who initiates the buy-sell mechanism. A buy-sell provision should take
into consideration the relative economic strengths of the parties involved,
as well as any restrictions on the use of the buy-sell provision. For
example, in a company which is developing a property, neither party
should be able to trigger the buy-sell mechanism during the development
process. The parties should agree upon a time frame to insure that the
company's project has had adequate time to be completed and to
stabilize. The goal is to avoid allowing either member to take advantage
of the instability of a project when exercising its buy-sell rights. Since
the investor member in a development joint venture typically has better
financial resources and liquidity than the developer member, the
developer member needs to be sure that the buy-sell mechanism provides
adequate time for the developer member to respond to a buy-sell initiated
by the investor member and in which to locate financial resources to
make such response. Disparities in financial condition between members
can also be addressed, at least in part, by allowing such a developer
member the right to make a smaller down-payment and to use "seller
financing" for an agreed upon, limited period of time.
In addition to timing, the central issue in crafting a fair Buy-Sell
provision is the method to determine fair market value. Many object to
the typical method of calling for up to three separate appraisals, as slow,
expensive and subject to manipulation. An alternative is a "shot-gun"
procedure in which the party who initiates the procedure must name a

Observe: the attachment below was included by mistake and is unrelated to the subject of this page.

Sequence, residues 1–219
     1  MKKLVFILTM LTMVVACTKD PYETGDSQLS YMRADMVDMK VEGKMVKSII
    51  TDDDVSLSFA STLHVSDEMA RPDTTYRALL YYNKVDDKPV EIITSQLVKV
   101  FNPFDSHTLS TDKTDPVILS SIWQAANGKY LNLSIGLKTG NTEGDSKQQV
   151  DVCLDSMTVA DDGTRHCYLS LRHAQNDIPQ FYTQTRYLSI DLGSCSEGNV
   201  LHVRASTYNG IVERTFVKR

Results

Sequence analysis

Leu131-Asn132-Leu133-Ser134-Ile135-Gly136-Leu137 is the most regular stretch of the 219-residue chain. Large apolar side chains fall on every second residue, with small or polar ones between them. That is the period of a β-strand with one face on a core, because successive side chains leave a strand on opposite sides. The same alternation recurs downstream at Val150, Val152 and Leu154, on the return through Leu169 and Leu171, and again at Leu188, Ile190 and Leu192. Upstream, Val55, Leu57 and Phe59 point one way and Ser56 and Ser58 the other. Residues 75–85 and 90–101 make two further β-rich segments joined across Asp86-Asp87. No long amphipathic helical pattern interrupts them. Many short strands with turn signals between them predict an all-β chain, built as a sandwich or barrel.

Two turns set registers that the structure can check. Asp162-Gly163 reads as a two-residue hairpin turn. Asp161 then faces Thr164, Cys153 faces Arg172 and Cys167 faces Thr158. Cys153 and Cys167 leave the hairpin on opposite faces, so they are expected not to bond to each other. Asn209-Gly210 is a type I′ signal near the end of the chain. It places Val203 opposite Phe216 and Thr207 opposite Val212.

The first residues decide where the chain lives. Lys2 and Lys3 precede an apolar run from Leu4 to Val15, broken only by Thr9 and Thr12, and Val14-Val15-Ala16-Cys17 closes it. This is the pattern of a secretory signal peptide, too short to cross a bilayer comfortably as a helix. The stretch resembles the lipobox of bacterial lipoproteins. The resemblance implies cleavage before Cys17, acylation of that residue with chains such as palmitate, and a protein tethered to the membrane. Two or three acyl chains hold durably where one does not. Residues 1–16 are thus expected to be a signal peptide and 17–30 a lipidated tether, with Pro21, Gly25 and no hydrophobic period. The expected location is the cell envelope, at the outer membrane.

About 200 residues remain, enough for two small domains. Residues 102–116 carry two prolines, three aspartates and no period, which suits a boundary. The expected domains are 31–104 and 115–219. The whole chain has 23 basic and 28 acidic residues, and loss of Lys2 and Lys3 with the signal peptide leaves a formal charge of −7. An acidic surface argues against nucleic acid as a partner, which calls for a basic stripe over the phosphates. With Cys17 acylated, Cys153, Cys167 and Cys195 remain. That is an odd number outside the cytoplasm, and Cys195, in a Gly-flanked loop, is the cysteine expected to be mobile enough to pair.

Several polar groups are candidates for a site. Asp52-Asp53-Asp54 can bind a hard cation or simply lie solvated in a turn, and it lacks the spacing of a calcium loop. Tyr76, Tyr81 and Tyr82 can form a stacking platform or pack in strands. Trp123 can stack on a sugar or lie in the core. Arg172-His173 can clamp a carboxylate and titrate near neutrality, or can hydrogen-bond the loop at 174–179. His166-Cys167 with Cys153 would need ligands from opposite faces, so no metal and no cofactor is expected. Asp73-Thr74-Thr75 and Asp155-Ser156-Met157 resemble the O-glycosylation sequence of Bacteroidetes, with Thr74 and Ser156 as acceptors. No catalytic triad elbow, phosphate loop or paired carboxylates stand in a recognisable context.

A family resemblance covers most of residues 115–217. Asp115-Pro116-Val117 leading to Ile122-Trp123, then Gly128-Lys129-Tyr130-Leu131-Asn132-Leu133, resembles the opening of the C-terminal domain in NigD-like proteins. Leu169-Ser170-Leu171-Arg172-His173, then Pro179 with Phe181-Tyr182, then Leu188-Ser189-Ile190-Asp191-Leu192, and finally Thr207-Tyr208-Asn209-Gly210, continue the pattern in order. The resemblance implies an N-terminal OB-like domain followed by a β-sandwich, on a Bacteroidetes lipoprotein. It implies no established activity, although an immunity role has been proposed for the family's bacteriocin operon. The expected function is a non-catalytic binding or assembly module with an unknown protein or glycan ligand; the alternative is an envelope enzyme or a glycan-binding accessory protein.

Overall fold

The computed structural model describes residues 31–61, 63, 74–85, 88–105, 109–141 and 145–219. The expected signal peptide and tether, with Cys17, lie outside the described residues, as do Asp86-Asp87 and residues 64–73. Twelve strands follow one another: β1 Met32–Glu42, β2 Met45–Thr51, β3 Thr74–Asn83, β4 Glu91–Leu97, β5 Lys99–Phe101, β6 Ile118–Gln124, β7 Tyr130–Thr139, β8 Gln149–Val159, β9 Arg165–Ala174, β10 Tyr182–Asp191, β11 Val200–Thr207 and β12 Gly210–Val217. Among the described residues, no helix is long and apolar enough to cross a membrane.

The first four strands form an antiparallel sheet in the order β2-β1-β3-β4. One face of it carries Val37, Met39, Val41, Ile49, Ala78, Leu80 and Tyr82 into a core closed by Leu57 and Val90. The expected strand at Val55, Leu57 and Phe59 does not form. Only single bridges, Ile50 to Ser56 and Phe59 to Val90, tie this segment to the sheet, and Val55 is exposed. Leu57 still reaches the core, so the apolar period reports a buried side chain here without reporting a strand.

price for the property at which he would be willing to be either the buyer
or the seller of his own interest. The other party then gets to choose
whether to buy or sell. In either case, the seller gets an amount equal to
the proceeds he would have gotten had the property been sold as a whole
at the designated price and the company liquidated. Another issue is who
gets a savings from the absence of a brokerage fee (and transfer taxes in
jurisdictions) that may be derived because the property is not sold to a
third party. If there is debt on the property the requirements of the lender
may interfere with the implementation of any Buy-Sell, and yield
maintenance provisions may make simply replacing the debt
prohibitively expense, unless care is taken to obtain the preapproval by
the lender of the Buy-Sell provisions and any change in ownership and
management that may result.
Generally, the inclusion of a Buy-Sell clause provides an excellent
mechanism of resolving a bad marriage between the members and
functions like a no-fault divorce, provided that the mechanism recognizes
the relative strengths and weaknesses of the parties involved.
I. Indemnification. Typically the developer/property manager is
indemnified by the company for claims or losses arising when acting on
the company's behalf, except in the case of gross negligence and willful
misconduct. Frequently investors have been strengthening these
standards and requiring the developer/manager to indemnify the
company to acts constituting simple negligence and for specific failures.
J. Conclusion. The foregoing discussion is intended to highlight
certain provisions of joint venture documentation between a developer
and investor member, which are fundamental to the transaction and are